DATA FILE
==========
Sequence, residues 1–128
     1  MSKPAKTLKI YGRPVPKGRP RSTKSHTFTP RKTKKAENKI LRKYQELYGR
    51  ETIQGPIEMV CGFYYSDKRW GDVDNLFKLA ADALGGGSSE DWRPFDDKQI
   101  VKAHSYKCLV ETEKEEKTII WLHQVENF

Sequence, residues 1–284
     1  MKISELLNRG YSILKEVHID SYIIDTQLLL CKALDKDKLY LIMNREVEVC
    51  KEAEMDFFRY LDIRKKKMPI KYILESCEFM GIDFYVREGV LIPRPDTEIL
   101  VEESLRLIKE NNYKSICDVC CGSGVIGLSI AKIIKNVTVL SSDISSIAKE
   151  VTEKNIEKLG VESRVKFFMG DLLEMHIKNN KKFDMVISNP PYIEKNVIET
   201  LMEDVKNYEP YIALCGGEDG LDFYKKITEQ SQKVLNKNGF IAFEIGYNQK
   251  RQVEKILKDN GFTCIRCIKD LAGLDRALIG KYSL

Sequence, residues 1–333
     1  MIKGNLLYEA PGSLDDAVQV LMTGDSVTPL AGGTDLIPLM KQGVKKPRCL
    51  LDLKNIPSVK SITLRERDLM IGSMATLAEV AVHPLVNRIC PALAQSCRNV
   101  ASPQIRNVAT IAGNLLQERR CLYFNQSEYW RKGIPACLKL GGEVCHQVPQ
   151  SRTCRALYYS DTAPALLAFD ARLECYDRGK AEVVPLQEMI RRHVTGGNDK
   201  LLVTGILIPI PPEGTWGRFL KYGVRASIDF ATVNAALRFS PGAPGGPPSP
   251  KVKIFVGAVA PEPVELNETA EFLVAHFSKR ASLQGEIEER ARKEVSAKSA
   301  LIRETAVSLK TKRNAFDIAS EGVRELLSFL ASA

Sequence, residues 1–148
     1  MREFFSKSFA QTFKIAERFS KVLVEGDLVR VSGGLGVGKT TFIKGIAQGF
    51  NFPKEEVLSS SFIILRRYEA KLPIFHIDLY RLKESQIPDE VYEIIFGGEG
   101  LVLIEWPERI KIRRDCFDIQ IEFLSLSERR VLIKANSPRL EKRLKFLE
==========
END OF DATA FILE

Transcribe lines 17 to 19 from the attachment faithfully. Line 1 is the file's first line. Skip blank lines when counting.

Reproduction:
   201  LLVTGILIPI PPEGTWGRFL KYGVRASIDF ATVNAALRFS PGAPGGPPSP
   251  KVKIFVGAVA PEPVELNETA EFLVAHFSKR ASLQGEIEER ARKEVSAKSA
   301  LIRETAVSLK TKRNAFDIAS EGVRELLSFL ASA